Plastic Surgery Research Council

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A Systematic Review of Breast-Implant Associated Anaplastic Large Cell Lymphoma (BIA-ALCL): Past and Current Knowledge
Hassan ElHawary, M.Sc1, Nebras Ghazawi1, Johnny Efanov, M.D2, Ali Izadpanah, M.D.2.
1McGill University, Montreal, QC, Canada, 2University of Montreal Health Centre, Montreal, QC, Canada.

Purpose:
The rise in alloplastic breast reconstruction has revealed a rare but serious associated malignancy, breast-implant associated anaplastic large cell lymphoma (BIA-ALCL). The first case of BIA-ALCL was diagnosed in 1997, but due to the novelty and low prevalence of this condition, many unknown characteristics remain. The aim of this study was to systematically review the literature on BIA-ALCL and to reveal certain patterns in terms of patient demographics, presenting symptoms, geographical distribution, associated biological markers, and treatment options.
Methods:
PubMed, Google scholar and EBSCOhost were searched to find all publications pertaining to BIA-ALCL. The terms "Breast Implant" and "Anaplastic Large Cell Lymphoma" were used as keywords and ‘exploded' to include articles indexed with these headings as well as those indexed with any related terms. Inclusion criteria consisted of case reports or case series that describe BIA-ALCL. Articles published in English or French, commentaries or discussions, and studies on systemic ALCL were excluded. The data extracted included patient age, time of onset, diagnosis, pathophysiology, implant type, implant manufacturer, and treatment options.
Results:
Out of the 79 BIA-ALCL cases reported in the literature, 23 cases were saline filled implants and 47 were silicone filled. In the remaining cases, the type was unidentified. The mean age at diagnosis was 51.35 ±12.47 and 52.15 ±12.28 for patients with saline and silicone implants respectively (p>0.05). The time of onset after surgery was 10.83 ±6.72 years and 12.04 ±5.04 year for saline and silicone filled implant, respectively (p>0.05). The most common indication for surgery for both saline and silicone implant was cosmetic (44.30%) followed by oncotic breast reconstruction (39.24%). The most common initial presentation was seroma (26.5%) followed by swelling (24.1%), breast pain (22.7%) and palpated mass (21.5%). The most common surface type associated with BIA-ALCL was textured implants. Furthermore, 61 cases reported an Anaplastic Lymphoma Kinase Negative (ALK-) enzyme while 55 cases reported a CD30+ antigen. The main treatment options for ALCL were chemotherapy in conjunction with radiation therapy (25.31%), capsulotomy (15.18%) or chemotherapy alone (8%) (Table 1). Although only 79 cases were included in this review, there are many more cases that aren't scientifically published. Many cases are briefly reported by government bodies and plastic surgery associations without providing sufficient information to be useful to analyze in this review. For example, the department of health in Australia reported 72 cases of BIA-ALCL without providing specific details about them. While these cases aren't analyzed in this abstract they will be included in the presentation for a more accurate depiction of prevalence rates.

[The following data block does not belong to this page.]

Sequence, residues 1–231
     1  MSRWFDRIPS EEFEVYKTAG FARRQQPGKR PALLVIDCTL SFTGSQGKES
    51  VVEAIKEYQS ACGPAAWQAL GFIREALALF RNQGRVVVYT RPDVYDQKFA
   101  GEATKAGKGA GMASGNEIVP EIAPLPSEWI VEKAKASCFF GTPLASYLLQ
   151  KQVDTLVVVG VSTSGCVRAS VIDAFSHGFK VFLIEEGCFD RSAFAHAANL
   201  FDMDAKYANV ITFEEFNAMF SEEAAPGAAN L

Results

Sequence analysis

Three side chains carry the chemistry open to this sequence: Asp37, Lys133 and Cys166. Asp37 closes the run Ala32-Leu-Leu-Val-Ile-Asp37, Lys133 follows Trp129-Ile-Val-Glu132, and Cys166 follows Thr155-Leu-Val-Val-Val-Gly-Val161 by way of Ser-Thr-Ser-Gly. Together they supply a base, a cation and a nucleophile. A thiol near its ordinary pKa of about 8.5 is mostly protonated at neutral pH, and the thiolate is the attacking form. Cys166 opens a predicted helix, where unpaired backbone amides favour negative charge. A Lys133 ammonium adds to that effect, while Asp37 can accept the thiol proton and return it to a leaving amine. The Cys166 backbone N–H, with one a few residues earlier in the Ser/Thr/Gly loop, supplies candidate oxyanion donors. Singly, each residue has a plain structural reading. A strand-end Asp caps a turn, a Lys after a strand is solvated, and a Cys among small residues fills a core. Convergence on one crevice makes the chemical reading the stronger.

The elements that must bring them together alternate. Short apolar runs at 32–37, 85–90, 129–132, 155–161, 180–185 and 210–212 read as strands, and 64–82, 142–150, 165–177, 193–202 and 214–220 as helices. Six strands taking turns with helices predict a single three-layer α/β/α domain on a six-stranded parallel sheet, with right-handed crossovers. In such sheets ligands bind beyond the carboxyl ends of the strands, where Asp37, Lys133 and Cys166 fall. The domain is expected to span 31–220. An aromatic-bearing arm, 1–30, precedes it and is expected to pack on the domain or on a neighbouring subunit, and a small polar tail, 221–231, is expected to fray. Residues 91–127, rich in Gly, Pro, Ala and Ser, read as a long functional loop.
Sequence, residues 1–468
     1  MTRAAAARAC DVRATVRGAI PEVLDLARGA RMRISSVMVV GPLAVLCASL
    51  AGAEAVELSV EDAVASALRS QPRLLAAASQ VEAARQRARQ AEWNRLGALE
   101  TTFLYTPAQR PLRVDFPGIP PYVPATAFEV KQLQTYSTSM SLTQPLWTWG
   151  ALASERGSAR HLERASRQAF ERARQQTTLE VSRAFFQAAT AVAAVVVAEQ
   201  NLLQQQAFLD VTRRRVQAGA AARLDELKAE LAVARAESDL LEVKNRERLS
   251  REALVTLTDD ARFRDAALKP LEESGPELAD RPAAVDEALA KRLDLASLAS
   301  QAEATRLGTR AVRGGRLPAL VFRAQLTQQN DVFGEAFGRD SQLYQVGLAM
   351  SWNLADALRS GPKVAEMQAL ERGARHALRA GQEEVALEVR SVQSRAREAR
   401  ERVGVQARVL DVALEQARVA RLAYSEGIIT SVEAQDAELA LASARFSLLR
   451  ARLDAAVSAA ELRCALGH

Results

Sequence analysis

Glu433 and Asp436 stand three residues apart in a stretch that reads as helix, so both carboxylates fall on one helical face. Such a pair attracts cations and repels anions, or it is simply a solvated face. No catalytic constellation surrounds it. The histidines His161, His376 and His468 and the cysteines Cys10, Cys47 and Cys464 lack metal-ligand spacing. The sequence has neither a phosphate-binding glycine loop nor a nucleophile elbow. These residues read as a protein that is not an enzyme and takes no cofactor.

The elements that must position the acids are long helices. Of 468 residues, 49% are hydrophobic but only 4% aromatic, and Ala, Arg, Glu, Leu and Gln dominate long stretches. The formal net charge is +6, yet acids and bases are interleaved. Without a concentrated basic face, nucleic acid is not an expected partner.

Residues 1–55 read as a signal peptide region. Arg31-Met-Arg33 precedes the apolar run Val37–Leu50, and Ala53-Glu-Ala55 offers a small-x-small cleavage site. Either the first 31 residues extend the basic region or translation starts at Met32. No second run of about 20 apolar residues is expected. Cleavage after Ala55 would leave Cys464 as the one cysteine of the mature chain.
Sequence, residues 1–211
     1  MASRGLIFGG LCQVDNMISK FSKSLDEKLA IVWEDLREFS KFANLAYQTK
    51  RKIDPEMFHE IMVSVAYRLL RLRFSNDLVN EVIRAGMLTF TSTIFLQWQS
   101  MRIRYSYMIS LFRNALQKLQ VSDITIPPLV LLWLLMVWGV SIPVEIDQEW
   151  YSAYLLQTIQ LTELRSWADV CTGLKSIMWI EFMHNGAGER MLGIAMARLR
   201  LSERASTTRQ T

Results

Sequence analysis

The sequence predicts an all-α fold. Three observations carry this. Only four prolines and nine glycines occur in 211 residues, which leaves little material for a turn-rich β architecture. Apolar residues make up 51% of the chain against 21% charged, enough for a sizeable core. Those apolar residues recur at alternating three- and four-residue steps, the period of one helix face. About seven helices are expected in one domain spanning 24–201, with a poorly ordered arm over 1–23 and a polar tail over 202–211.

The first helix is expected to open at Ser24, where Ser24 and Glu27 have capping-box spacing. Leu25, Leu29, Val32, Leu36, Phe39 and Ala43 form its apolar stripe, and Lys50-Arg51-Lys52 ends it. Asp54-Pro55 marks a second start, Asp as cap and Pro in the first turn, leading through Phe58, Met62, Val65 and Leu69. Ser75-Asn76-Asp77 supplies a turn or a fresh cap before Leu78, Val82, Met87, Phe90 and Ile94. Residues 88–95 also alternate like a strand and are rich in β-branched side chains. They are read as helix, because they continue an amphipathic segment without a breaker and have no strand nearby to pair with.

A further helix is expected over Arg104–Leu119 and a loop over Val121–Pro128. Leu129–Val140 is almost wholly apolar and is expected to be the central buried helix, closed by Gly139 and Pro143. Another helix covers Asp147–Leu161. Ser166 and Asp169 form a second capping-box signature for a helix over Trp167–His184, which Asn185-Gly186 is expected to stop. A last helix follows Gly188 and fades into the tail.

Conclusion:
BIA-ALCL is a relatively new and rare condition that is not fully understood. This study reviews all the published BIA-ALCL cases and describes different characteristics associated with this condition. While further understanding of BIA-ALCL continues to be pursued, this review will aid in disseminating more information about this medical entity.

Treatments of BIA-ALCL
TreatmentNumber of cases
Chemotherapy + radiotherapy20
Capsulectomy14
Chemotherapy7
Mastectomy6
Capsulectomy + Radiotherapy6
Radiotherapy1
Unknown31


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